Beyond the monsters and mothers, however, Beowulf provides a wealth of epic characters, all of whom had to be realistically and painstakingly portrayed by the Imageworks team—a team that would eventually grow to about 60 animators, in addition to the specialists handling performance capture and facial rigging. In the end, Imageworks would handle some 700 effects shots on Beowulf, all of which went through Maya and MotionBuilder. In so doing, Sony Pictures Imageworks took the worlds of performance capture and 3D stereoscopic imaging to a whole new level.
Under the direction of stereo specialist Rob Engle, the Imageworks team requested specific enhancement to the Maya API (application programming interface) from the Autodesk Consulting team and extended the Maya interface to support their “stereo sweatbox.” Zemeckis and the rest of the Beowulf team were then able to view scenes in context, experiment with 3D in real time, and adjust settings to provide an unparalleled 3D experience for the audience.
© 2007 by Paramount Pictures and Shangri-La Entertainment, LLC.
“All of our shots needed to be set up in Maya,” says McDonald. “The Dragon was completely keyframed, while Grendel was based on performance capture, but also required a lot of keyframing in Maya. In order to have Crispin resemble a 12-foot-tall beast, we had to scale a lot of curves, as well as add weight and adjust timing to create the feeling of a huge monster. Crispin did a lot of jumping around on wires within a scaled set, and we imported that motion from MotionBuilder to Maya to retime it. Through a combination of tools, we attached our new character to the performance capture character to duplicate certain poses and keyframes.”
With help from an on-site team from Autodesk Consulting, the Imageworks teams were able to customize their Autodesk systems and use Maya Embedded Language (MEL) scripting to write the tools of which McDonald speaks:
“A great thing about Maya on this project was that it enabled our technical directors and pipeline people to write plug-ins and custom MEL scripts for the pipeline,” says McDonald. “Maya facilitated moving data between all our packages. We did all of our rigging for the characters and faces within Maya, and we used the system tools for deformations and weighting.”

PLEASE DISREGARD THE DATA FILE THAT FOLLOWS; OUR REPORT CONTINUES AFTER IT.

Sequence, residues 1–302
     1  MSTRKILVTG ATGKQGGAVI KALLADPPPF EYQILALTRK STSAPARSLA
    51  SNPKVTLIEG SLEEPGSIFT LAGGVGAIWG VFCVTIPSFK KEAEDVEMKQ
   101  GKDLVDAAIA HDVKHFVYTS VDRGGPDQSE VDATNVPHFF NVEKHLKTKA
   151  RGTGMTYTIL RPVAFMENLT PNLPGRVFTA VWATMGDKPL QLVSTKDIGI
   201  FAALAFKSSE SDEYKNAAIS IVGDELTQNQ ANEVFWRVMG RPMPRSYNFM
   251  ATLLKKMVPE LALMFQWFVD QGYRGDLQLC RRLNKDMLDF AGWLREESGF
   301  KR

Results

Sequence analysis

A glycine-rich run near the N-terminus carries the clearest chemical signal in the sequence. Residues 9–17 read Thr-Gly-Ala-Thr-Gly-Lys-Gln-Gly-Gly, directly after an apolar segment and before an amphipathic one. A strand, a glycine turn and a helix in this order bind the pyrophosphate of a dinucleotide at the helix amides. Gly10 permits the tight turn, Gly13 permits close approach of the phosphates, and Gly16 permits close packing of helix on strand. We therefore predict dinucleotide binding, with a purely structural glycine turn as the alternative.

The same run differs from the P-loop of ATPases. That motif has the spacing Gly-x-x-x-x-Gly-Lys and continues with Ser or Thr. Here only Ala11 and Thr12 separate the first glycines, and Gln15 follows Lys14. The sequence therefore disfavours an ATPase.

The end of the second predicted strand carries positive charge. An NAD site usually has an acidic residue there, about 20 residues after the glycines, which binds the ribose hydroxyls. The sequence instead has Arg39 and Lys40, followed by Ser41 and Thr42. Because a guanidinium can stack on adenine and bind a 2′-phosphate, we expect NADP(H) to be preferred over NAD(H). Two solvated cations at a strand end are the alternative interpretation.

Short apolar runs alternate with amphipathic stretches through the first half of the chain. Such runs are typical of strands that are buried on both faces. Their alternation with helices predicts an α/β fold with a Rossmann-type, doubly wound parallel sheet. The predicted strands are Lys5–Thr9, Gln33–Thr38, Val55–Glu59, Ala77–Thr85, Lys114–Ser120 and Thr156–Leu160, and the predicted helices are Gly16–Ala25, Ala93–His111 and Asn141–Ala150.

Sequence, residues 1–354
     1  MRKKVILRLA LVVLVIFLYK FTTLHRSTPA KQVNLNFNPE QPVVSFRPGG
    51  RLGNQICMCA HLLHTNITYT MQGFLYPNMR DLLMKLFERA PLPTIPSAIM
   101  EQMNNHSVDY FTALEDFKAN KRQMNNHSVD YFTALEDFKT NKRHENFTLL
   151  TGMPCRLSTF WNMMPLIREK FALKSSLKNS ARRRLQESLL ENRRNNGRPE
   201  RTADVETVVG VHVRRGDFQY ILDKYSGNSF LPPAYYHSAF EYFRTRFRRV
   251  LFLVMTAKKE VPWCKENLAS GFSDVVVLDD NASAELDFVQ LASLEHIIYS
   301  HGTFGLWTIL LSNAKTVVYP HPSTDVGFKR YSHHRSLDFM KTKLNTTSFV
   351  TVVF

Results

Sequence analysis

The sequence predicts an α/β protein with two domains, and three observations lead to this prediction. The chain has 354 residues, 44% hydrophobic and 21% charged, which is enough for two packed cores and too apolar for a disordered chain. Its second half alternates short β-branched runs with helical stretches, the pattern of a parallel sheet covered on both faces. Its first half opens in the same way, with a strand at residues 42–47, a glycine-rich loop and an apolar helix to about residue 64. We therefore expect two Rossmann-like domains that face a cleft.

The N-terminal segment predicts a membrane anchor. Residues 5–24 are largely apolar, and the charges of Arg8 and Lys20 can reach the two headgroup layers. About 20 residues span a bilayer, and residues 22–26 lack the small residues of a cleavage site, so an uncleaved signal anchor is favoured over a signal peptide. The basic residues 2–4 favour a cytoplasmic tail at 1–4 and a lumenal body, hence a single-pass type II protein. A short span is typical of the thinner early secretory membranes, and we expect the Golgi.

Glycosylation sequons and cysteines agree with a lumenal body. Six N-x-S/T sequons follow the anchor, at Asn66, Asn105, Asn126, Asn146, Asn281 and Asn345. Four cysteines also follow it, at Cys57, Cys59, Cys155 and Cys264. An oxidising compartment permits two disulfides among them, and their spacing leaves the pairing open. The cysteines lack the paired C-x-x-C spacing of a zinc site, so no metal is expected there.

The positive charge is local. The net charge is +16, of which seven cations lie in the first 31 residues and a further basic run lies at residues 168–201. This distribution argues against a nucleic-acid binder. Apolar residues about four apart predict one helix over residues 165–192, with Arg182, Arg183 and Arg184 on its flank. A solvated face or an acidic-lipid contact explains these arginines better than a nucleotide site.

Facing the Legend
Even more challenging than Grendel’s size, however, was the meticulous creation of the characters’ faces. Says McDonald:
“Faces were the make it or break it part for us. We started out with a generic facial rig for our initial set of controls for each character. As the production went on, we found more and more nuances within each actor’s face. We used the facial performance capture data together with our muscle system to create a matrix of poses. We then created combinations of these poses to create the facial performances. We knew we had to add shapes and deformers to get those expressions right. We wrote custom tools for our facial controls, and each of our characters eventually had as many as 300 facial controls that we could animate. Creating an interface with MEL scripting let us access and organize all those controls really quickly. Right up until the end, we were constantly adding new facial controls. That is another huge benefit to using Maya.”
Interestingly, the high level of detail necessary to create the “less perfect” faces of the male characters actually made those faces easier to create:
“We found the male faces, though intense, to be much more forgiving,” says McDonald. “To create Grendel’s mother, for instance, we had to pay a great deal of attention to Angelina Jolie’s face and make sure it was just as beautiful and flawless as that of the real-life actress. With more wrinkles and imperfections, the faces of King Hrothgar (Anthony Hopkins), Unferth (John Malkovich), and Beowulf himself read more clearly. In the end, our job was all about getting the best realization of the actor’s performance. Maya gave us the ability to animate these characters, and the ability to write plug-ins and custom tools was a crucial part of that process.”